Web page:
July 2017 - Volume 49 - Issue 7

  • L. Bruce Gladden, PhD, FACSM
  • 0195-9131
  • 1530-0315
  • 12 issues / year
  • 6/81 in Sports Sciences
  • 4.141
​​​​​​​​​​​​​​​​​​​​​​This month I am drawing attention to three intriguing studies. First, Luetkemeier et al. investigated the effect of skin tattoos on sweat rate and sweat sodium concentration. These researchers recruited 10 college-age subjects who had a tattoo on only one side of their upper body. When chemically stimulated by a cholinergic agonist, tattooed skin generated about half as much sweat as non-tattooed skin. Sweat from tattooed skin also had a higher sodium concentration indicating lower sodium reabsorption. The age of the tattoos (2 months to 4 years) was unrelated to alterations in sweat rate or sodium concentration. This indicates that damage in sweating caused by the tattoo does not normalize quickly following the procedure. Whether or not a high heat load combined with a large proportion of tattooed skin would lead to inadequate cooling and increased core temperature is currently unknown.

Next, Madzima et al. engaged 33 breast cancer survivors in a 12-week full-body resistance training program, 2 days/week utilizing 10 exercises for 2 sets of 10 repetitions and a last set performed to complete fatigue at 65%–81% of their one repetition maximum (1RM). In 17 of the subjects, the resistance training intervention was also combined with a 20-g protein supplement (whey and casein blend), consumed twice a day. Although the protein did not provide additional benefits, increases in strength (up to 32%) and lean mass (+0.9 ± 1.0 kg), and decreases in fat mass (-0.5 ± 1.2 kg), and body fat percentage (-1.0% ± 1.2%) were observed. In conclusion, this training intensity (65%–81% of 1RM) improved lean mass more than has been previously reported in breast cancer survivors participating in a resistance training intervention.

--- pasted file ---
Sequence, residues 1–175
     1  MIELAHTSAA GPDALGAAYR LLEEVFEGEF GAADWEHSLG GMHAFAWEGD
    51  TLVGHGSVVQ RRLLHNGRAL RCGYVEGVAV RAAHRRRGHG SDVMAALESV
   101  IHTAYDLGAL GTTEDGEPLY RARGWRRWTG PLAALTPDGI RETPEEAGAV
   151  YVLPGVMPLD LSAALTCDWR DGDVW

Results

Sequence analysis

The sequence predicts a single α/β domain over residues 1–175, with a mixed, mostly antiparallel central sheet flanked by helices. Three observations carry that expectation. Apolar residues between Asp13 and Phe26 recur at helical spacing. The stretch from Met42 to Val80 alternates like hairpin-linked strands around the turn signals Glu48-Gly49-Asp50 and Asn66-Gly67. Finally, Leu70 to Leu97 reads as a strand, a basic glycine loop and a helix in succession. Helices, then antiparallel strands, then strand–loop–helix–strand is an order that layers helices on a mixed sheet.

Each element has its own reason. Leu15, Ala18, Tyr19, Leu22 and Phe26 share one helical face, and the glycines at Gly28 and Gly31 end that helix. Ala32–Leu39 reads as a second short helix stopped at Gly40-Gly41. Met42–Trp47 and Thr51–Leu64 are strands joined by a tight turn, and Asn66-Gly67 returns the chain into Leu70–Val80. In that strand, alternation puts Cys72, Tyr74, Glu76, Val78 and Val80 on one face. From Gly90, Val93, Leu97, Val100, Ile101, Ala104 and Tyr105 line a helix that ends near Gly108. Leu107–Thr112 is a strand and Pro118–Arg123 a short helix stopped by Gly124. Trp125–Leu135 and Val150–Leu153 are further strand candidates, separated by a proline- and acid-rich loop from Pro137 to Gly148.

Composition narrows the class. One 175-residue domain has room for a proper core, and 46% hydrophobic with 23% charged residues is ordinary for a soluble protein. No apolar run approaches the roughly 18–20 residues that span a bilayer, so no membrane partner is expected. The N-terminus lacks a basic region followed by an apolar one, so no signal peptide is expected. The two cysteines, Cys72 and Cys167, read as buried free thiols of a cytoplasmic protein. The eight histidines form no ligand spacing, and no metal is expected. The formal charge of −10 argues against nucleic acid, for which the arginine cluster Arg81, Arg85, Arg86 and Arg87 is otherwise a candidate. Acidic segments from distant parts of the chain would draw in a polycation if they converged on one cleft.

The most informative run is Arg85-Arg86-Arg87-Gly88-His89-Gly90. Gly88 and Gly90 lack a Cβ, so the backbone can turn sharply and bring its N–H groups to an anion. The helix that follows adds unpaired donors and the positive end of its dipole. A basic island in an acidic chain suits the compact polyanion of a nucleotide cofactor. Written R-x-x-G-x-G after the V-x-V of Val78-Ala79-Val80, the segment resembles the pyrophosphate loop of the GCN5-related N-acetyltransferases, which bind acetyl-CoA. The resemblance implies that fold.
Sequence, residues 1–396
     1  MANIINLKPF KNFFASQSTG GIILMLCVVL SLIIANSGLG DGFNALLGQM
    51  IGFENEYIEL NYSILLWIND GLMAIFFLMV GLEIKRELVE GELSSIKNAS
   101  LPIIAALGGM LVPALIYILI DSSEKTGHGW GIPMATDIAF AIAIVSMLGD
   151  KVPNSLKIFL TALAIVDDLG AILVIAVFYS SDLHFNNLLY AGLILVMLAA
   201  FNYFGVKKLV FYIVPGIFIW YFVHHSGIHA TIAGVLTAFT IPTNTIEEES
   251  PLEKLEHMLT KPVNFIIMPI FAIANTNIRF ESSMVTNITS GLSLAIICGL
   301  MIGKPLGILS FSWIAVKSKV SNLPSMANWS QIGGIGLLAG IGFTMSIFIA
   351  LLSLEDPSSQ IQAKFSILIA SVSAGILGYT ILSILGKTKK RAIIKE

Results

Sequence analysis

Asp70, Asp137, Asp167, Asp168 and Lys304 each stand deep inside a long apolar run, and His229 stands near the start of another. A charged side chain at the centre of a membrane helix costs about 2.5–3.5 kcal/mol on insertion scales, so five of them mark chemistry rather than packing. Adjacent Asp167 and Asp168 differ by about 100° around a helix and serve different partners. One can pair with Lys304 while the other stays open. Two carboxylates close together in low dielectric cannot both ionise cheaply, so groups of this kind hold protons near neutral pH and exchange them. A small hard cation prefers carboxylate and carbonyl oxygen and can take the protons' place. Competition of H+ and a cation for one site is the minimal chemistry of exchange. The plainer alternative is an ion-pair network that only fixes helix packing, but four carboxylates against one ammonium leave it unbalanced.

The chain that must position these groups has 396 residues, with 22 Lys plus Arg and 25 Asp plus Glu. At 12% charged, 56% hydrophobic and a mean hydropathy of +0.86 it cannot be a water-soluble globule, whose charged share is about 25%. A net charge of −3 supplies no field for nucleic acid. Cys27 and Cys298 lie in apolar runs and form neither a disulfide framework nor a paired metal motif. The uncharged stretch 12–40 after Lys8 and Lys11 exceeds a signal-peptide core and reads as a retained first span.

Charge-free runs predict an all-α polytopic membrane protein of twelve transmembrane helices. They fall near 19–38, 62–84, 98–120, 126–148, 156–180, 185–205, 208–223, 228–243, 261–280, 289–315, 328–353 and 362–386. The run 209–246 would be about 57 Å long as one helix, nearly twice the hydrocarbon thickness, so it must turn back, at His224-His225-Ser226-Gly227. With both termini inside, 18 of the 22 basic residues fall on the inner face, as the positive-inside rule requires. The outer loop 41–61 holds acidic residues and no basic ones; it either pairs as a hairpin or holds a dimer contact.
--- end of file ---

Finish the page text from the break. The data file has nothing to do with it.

Finally, Herrick et al. reported on three US Volleyball National Team members who underwent a comprehensive genetics evaluation as well as cardiac screening. As indicated by one of the cases, people with Marfan syndrome may not present with all of the typical clinical phenotype features. In this case, the subject was tall but had no other overt clinical features of Marfan syndrome. Only by performing a screening echocardiogram was an aortopathy identified. Genetic testing then confirmed the diagnosis of Marfan syndrome, and for this reason it was recommended that he cease playing competitive volleyball. Overall, these case evaluations on three athletes suggest that clinical screening combined with genetic testing in tall athletes may be warranted because it can lead to the identification of individuals with previously undiagnosed aortopathies who are at risk for life-threatening aortic dissections.​​

L. Bruce Gladden

School of Kinesiology
Auburn University